Understanding Logbook of the World – Part 5

This article is the fifth article in a series of articles on using Logbook of the World.  Part one addressed key concepts for LoTW while part two went through how to setup LoTW. Part three discussed the basic use of LoTW through TrustedQSL directly or what this author likes to call “the hard way.” In part four, the use of LoTW and TQSL as part of electronic logging software was explored. In part five, using the LoTW web interface will be demons

Once logged in to the LoTW website, there are an array of options to manage QSOs/QSLs, awards, certificates, and much more. In the article on using TQSL, the directions for checking most recent QSOs were provided. The Your QSOs section is the central brain of LoTW for querying contacts in a variety of ways. The filtering and selection options are, in general, self-describing. On the right of the main query screen are shortcuts to see the latest information, Most Recent QSOs (which was discussed earlier) and Most Recent QSLs. The Most Recent QSLs screen will show the most recent QSLs that were matched in the LoTW system.

One interesting note about the QSL query system both for the web interface and for LoTW integrations. It is possible to have an old QSO at the top of the list if matching the QSL was delayed such as by a late log upload or through a correct.  In the example below, this author received a QSL from Argentina from a contact back in October 2016 in November 2017. However, many log programs with integrated LoTW will have a date that follows the last QSL match when performing a download that works on the QSO dateforward. From time to time, set the QSO date query when downloading QSLs back to January 1, 1970 (or the ham’s first licensing dater) to check for late-matched QSOs.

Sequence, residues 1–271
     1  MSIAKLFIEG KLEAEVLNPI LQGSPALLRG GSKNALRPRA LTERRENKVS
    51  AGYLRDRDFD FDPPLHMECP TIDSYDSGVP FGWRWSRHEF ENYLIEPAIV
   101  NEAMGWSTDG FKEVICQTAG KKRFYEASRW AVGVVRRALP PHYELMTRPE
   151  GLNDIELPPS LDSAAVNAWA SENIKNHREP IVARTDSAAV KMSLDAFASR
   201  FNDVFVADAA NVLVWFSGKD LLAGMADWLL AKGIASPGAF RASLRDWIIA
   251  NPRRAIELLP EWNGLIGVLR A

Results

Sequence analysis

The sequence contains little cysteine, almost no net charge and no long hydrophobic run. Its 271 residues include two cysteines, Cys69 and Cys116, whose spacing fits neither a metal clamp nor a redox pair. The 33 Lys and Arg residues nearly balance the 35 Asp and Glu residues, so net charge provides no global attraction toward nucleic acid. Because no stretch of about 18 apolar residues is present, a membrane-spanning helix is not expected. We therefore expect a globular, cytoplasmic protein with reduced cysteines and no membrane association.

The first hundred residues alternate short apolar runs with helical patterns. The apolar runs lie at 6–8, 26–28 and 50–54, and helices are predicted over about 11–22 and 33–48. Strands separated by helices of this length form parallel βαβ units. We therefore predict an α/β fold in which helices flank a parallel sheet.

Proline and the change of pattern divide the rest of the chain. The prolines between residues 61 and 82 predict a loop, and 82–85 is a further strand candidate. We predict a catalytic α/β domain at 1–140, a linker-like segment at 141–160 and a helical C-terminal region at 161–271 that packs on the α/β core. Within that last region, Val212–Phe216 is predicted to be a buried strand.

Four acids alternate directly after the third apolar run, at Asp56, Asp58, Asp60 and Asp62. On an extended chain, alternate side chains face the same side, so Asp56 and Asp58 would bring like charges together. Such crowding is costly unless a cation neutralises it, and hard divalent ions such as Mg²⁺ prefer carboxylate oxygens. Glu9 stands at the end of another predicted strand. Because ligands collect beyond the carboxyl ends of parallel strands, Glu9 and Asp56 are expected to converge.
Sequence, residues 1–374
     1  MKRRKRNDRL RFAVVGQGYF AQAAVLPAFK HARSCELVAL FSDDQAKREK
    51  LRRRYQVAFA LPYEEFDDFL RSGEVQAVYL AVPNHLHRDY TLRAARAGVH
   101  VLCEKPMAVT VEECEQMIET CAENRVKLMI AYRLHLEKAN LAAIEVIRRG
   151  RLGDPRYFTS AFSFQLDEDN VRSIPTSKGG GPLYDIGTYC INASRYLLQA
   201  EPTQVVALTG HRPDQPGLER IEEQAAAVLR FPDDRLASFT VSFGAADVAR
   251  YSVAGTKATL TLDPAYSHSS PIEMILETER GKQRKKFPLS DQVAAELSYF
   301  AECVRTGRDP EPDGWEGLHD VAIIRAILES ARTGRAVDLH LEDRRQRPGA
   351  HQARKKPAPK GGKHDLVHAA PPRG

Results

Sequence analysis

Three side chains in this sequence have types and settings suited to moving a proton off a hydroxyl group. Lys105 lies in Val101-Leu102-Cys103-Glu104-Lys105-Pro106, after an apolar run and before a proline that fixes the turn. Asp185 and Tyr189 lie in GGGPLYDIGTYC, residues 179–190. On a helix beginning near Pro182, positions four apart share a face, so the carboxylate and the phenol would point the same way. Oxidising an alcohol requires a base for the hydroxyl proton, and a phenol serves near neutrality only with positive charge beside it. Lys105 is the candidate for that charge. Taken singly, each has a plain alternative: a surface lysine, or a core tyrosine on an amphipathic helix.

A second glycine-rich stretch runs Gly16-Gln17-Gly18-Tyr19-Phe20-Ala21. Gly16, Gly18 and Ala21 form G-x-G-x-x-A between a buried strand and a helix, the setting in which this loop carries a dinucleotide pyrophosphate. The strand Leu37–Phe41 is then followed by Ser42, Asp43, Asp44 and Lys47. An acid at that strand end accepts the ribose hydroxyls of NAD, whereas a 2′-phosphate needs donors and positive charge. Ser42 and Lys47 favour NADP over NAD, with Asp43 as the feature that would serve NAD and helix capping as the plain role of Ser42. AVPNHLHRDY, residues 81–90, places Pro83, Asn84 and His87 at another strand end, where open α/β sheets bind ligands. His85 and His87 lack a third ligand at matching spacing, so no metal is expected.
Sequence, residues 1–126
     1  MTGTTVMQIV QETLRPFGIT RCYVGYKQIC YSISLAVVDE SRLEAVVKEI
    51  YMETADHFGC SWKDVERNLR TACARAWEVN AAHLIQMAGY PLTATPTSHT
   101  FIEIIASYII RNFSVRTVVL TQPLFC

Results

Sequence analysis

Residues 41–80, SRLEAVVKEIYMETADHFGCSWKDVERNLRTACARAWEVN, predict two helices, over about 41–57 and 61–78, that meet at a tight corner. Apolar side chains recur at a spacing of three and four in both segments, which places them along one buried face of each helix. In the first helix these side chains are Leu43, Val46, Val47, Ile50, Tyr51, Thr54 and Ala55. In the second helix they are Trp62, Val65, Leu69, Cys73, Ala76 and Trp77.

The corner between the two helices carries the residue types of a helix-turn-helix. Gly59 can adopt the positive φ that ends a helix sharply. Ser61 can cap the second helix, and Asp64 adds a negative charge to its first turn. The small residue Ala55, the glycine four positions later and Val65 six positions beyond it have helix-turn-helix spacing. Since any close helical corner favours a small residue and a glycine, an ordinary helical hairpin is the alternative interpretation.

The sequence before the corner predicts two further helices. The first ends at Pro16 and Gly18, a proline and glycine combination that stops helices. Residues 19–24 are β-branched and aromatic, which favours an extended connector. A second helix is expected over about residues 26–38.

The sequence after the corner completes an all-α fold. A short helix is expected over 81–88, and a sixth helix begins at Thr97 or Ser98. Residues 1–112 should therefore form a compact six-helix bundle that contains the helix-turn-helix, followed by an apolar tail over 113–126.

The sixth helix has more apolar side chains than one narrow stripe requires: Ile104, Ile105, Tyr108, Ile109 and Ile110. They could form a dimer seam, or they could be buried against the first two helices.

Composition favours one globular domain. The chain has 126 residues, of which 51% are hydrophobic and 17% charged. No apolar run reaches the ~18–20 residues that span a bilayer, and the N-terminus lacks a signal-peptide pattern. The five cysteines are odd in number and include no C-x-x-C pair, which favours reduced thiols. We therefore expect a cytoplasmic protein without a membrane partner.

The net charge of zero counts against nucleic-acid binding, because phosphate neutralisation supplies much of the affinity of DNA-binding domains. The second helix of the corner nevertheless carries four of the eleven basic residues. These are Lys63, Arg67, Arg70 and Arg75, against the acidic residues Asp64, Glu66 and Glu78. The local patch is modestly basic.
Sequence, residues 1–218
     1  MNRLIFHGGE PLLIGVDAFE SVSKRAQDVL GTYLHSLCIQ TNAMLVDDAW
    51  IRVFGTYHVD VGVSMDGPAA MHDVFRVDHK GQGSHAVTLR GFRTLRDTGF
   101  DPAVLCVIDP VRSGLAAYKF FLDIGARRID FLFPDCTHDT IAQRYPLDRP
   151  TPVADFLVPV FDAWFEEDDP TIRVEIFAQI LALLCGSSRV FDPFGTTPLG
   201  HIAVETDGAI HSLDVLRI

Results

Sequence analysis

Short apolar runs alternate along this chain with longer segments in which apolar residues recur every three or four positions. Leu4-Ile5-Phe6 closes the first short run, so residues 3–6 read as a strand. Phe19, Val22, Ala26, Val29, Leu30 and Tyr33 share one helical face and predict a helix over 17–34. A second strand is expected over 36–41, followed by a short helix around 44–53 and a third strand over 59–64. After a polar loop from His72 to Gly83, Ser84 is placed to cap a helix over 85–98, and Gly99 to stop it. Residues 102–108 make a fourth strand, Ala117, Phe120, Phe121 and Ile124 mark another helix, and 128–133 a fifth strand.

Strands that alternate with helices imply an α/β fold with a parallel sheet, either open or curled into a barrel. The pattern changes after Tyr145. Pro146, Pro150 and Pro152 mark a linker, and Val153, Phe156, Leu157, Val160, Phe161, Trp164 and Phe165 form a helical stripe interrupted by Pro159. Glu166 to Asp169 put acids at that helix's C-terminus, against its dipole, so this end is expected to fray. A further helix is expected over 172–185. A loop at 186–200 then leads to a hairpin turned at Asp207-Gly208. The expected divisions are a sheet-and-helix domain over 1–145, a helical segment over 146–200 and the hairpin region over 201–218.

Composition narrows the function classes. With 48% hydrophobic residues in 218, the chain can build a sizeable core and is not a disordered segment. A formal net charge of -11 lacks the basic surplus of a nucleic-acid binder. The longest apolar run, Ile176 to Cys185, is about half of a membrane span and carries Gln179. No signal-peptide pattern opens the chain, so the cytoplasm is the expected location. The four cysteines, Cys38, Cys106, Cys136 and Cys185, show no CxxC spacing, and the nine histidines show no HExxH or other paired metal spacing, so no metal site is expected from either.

The Awards section allows for the managing of awards. Some of the award types require the creation of an “Award Account”. Think of an “Award Account” as simply a way to group certain QSOs together for future submission for an award based on selection rules. Some award accounts such as DXCC are created automatically. Others, such as WAS, require manual creation and setup of the matching rules. For more information on Awards see https://lotw.arrl.org/lotw-help/award-credit/.

The Find Call section is a way to determine if the other party in a QSO has uploaded logs yet. Perhaps after working a rare DX, a ham wants to ensure they appear in the log before a DXpedition ends. The Find Call screen will report when the last LoTW upload occurred for the callsign. This feature was used heavily, for example, during National Parks on the Air 2016 to determine if a worked park made it into the log or if a chaser needed to try again. It is one of those features that may not be used much, but is very valuable when needed.

The Upload File section is used for uploading signed logs or certificate requests. TQSL allows for the creation of a signed log for later upload, although there is limited benefit to that mode.

The Your Account  shows a variety of information about the LoTW Account including certificates, passwords, settings, and payment information for requesting award certificates. All options are self-explanatory and are not use often other than for troubleshooting or account maintenance.

This concludes the article series on Logbook of the World. The author hopes the articles have been useful to both the new ham and the experienced ham. Happy operating!

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